Ancient Assyria: Crafts, Industry & Technology

Instructor: Tommi Waters

TK Waters has a bachelor's degree in literature and religious studies and a master's degree in religious studies and teaches Hebrew Bible at Western Kentucky University.

The ancient Assyrians focused heavily on warfare and defense in everything they did, from weaponry to architecture and even artwork. Learn more about this and their innovative technology from this lesson.

The Ancient Assyrians

Babylon was one of the centers of the ancient world, from the time the Babylonians conquered an extensive amount of the Ancient Near East. However, the neighboring empire of Assyria became a major power in Mesopotamia, eventually overthrowing Babylon because of the Assyrians' expertise and innovation in warfare. The Assyrians started out as a nomadic people, traveling from place to place without a permanent settlement, until they overtook Babylon. Their innovation and technology in weaponry and warfare, architecture, and agriculture helped them become and remain a major Mesopotamian power for several centuries.

Assyrian Architecture

Major architectural works in ancient Assyria did not deviate much from the Babylonians. The Assyrians built their temples and palaces primarily from stone and typically in a ziggurat, or platform structure. Unlike the Babylonians, however, the Assyrians' homes were built mostly from stone rather than clay or mudbrick. Homes were rectangular, with beams on top to support an earthen roof. This structure and the lack of openings besides a door made the homes great for defense - necessary for such a warring people.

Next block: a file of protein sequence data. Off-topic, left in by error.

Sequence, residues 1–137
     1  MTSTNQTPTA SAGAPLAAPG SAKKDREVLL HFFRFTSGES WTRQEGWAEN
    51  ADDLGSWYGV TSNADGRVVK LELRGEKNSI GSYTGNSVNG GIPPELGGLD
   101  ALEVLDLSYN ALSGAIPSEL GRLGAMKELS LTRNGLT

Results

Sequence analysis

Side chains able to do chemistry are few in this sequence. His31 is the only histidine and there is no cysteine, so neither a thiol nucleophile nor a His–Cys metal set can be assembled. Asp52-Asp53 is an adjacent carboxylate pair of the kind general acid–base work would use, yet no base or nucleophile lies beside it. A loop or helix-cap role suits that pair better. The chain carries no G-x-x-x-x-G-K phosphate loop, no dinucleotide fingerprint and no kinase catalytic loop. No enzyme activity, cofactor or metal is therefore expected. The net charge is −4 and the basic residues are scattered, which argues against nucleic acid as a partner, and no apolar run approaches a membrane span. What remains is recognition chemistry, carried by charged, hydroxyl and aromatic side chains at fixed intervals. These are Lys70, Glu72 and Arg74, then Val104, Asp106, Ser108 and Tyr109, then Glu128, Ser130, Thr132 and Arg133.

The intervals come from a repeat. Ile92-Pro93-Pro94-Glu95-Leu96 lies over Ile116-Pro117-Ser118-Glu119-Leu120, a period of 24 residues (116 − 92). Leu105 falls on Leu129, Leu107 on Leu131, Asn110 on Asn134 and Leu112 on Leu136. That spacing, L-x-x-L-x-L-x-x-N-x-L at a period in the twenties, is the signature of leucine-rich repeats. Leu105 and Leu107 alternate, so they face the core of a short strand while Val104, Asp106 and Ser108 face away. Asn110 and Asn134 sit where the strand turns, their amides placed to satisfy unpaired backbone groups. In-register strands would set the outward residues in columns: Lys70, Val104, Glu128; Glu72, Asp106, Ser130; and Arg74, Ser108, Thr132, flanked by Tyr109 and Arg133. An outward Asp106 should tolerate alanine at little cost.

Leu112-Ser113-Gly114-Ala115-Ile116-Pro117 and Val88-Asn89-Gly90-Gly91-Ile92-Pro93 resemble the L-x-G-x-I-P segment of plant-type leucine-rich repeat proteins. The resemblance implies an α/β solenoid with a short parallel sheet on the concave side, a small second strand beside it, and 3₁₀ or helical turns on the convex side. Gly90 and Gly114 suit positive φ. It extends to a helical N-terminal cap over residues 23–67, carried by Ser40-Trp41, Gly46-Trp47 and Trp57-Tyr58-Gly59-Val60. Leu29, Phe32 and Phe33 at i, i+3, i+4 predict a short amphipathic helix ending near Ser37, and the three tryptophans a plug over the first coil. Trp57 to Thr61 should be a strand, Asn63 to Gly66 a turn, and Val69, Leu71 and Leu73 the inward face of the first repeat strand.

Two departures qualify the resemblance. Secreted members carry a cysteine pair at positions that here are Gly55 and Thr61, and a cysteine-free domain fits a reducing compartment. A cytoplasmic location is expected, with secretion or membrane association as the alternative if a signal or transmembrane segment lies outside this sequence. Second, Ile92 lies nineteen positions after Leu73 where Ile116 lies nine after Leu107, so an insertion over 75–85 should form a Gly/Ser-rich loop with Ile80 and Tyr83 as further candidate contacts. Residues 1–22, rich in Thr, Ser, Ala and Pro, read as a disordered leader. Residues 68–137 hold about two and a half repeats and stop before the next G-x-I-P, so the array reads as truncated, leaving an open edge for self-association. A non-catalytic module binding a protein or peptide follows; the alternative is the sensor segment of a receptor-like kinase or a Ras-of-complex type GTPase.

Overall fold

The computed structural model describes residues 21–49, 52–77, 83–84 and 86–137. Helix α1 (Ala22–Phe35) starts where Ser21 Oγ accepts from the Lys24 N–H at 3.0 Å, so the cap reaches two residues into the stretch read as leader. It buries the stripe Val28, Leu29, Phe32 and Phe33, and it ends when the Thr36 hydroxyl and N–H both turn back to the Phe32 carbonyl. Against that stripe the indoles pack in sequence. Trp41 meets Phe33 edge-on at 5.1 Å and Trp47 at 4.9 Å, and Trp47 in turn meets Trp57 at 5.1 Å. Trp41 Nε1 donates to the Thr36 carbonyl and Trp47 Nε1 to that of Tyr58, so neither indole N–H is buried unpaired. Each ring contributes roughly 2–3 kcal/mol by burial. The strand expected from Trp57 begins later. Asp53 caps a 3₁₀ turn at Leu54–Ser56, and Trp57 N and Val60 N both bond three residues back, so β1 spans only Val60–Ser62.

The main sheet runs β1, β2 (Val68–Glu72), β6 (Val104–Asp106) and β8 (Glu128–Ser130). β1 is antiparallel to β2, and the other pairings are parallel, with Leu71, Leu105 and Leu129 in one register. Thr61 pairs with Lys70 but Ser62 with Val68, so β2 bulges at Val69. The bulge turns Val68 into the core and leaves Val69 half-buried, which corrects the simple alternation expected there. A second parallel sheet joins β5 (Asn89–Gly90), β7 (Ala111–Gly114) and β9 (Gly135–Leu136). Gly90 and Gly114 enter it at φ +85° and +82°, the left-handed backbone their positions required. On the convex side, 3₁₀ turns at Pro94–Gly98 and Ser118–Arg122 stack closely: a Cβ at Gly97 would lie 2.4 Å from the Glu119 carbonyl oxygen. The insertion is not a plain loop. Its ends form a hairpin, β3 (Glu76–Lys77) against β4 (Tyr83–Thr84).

Crafts and Art of Assyria

While the Assyrians were focused on warfare, they also made artwork as well, though the artwork mostly depicted warfare and soldiers. They primarily painted these scenes on ceramics, vases, and other wares made from clay. Stone was not used for sculptures often, but was frequently used for reliefs of various scenes - again, mostly of war - where images were carved into slabs. Some of the most intricate artwork of Assyria are the Nimrud ivories. Named for the city of Nimrud, these pieces had carvings on ivory or bone that were usually inlaid in a small wooden frame or box.

Winged sphinx from the Nimrud ivories
Winged sphinx from the Nimrud ivories

Agricultural Technology

The Assyrians were quite innovative when it came to agriculture, which was necessary since they lived in an area where it was either extremely dry or flooded most of the time. To make up for this, they built extensive canal systems out of mud. The canals would collect the rainwater, helping to prevent flooding in rainy seasons. In dry seasons, the farmers could release the stored water onto fields by digging into them. This was carried out by flood defense walls, which were used along the edges of the canals to guide the water to where it was needed. Because of the importance of agriculture to the society, canals were built along the edges of all farms and were well kept. Water systems were built to supply water to cities by building slopes to conduct water from the hills to the plains.

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